Families who are affected by Alzheimer’s know all too well how the disease seeps into every aspect of life. The holidays are no exception to this rule. A time that is usually full of fun and festive joy may be stressful or even a bit sad. Family members may look back on the past holiday seasons they spent together and feel a sense of loss. Caregivers are often given more responsibility to accommodate visitors and activities.
According to the Alzheimer’s Foundation of America (AFA), more than 5 million Americans are living with Alzheimer’s, so people need to know that they can still enjoy the holidays by following these tips.
1. Plan Ahead
Many people affected by Alzheimer’s disease will have certain times during the day where they are in the best frame of mind to interact with others. Plan any visits or gatherings around that time and try not to disrupt their usual schedule. Routine is important when living with dementia.
If there are things you want to get out and do, or parties you want to have, but necessary plans in place. Alzheimer’s can be unpredictable, but if you are a caregiver, you know better than anyone what to expect from your loved one.
2. Communicate Effectively
If you’re having a family gathering, keep attendees updated on their loved one’s state of mind and behavior. This can help manage their expectations before they come to visit. The family member living with Alzheimer’s disease may have also changed in appearance since the last visit, so sharing recent photos might also be a good idea.
Give family and friends tips on how to communicate most effectively. Encourage them to be patient as they listen and resist the urge to interrupt or correct things. Advise them not to get frustrated or comment on any repeated questions or stories from the family member with Alzheimer’s.
3. Be Flexible
Remember what we just said about planning? Do it, but don’t be surprised if plans have to be altered. Be flexible enough to not let a change in plans derail your whole day. Living with Alzheimer’s can be unpredictable.
4. Focus on Meaningful Activities
Because you might get to do all the things you want, make sure you prioritize what’s most important. Try to stick to simple things that bring joy like decorating cookies, reading a favorite book aloud, or watching an old Christmas movie.
5. Keep Gatherings Small
Big crowds, even if they’re full of faces that were once familiar, can be overwhelming to someone living with Alzheimer’s. Keep holiday gatherings small and intimate so everyone is comfortable and relaxed.
6. Celebrate in a Familiar Setting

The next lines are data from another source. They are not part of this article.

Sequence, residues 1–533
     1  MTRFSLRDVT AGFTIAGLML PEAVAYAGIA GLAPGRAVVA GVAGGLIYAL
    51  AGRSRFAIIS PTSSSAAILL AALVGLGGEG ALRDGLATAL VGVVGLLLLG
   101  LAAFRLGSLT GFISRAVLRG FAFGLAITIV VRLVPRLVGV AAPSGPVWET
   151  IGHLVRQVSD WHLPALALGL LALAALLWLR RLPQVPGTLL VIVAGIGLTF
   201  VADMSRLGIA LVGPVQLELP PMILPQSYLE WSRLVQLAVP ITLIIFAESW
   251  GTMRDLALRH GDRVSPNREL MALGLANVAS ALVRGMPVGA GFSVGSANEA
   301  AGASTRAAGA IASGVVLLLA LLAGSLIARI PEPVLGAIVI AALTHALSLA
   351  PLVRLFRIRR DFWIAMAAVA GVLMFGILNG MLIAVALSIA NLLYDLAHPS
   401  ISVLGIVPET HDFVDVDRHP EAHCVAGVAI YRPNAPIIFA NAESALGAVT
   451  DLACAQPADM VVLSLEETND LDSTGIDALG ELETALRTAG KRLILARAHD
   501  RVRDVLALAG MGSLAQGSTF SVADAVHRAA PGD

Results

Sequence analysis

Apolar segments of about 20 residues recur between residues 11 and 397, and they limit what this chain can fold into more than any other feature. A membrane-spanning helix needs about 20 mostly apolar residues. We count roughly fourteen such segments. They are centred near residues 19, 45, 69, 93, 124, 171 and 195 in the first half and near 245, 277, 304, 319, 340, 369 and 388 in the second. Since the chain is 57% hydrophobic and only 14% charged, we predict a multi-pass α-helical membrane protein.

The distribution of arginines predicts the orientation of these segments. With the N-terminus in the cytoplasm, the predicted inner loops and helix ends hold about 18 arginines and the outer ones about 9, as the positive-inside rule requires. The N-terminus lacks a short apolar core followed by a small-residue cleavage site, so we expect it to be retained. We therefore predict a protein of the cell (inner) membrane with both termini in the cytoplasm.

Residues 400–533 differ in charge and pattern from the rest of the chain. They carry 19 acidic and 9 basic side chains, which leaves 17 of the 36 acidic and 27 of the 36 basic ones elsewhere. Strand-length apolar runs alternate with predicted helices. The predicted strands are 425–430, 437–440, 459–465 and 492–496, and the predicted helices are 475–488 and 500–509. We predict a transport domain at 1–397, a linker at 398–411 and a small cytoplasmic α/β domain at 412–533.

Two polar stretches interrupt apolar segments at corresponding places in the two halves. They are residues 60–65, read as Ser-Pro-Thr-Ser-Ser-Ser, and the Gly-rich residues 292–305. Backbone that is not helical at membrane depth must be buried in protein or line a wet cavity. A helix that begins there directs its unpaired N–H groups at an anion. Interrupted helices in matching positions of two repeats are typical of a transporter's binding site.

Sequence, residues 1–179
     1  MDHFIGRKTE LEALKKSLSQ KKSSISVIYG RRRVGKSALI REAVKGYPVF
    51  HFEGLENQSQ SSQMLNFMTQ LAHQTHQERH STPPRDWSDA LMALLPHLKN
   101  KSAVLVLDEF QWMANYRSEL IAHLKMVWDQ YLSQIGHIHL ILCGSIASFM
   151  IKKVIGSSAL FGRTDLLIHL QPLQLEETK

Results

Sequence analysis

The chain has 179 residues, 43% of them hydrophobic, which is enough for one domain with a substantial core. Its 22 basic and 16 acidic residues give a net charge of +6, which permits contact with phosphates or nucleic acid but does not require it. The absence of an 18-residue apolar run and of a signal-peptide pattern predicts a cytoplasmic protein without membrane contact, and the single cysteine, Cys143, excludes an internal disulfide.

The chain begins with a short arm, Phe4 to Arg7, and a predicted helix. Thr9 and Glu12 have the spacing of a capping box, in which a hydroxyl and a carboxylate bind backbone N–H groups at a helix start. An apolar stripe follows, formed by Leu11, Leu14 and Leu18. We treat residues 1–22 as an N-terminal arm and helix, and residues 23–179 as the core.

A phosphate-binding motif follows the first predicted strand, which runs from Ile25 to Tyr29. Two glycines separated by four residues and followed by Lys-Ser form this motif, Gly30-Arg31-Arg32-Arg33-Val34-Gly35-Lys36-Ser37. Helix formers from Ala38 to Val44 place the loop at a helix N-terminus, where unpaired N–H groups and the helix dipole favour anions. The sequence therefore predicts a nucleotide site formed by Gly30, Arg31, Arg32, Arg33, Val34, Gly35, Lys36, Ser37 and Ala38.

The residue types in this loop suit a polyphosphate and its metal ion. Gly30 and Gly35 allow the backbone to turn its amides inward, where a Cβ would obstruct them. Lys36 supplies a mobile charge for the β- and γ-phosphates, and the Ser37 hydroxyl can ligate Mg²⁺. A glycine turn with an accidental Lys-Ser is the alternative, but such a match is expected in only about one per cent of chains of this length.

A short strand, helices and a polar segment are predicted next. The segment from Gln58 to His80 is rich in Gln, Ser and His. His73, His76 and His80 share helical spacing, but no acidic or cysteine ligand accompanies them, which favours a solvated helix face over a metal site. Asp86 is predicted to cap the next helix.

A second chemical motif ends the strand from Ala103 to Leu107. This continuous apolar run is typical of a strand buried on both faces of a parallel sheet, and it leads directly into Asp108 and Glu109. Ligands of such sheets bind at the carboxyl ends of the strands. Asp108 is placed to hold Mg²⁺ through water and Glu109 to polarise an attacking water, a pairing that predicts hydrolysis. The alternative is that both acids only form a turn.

Changes in the environment can cause distress and confusion for people with dementia. If the individual lives in a care facility, then ask if you can use a room there for a small family celebration. The facility might also have activities planned for residents that you can participate in.
If the individual lives in your home, then choose the space there that is most familiar and comfortable for them to be in for any holiday gatherings. It’s also a good idea to have a quiet space where the family member with Alzheimer’s disease can go to be alone or have one-on-one visits.
Playing familiar holiday music may also help put individuals with Alzheimer’s at ease and create a festive, yet calm, environment. Just make sure it’s not too loud and startling.
7. Don’t Go Crazy with Decorations
Everyone loves the festive cheer of a decorated house or care facility. However, big displays that require rearranging things can confuse people with dementia who may not recognize a once-familiar setting when it’s altered. Blinking lights and cluttered surfaces may also confuse and should be avoided.
8. Keep Visits and Outings Brief
If you have visitors, have them come in on different days and make sure they keep their visits on the short side. Similarly, if you plan on going somewhere for a holiday celebration, make it brief. Be prepared to leave early if needed.
9. Don’t Schedule Too Much
Make sure you and your loved ones get downtime to rest and recharge. Dealing with Alzheimer’s during the holidays can be trying for everyone, so it’s important not to commit to more than you can handle. After all, the holidays should bring some joy to everyone involved.
Make an Appointment at Regional Neurological Associates
The physicians at Regional Neurological Associates are all board-certified neurologists with experience in treating a variety of disorders, including Alzheimer’s disease. If you have questions or concerns about neurological health, including living with dementia during the holidays, call (718) 515-4347 to make an appointment.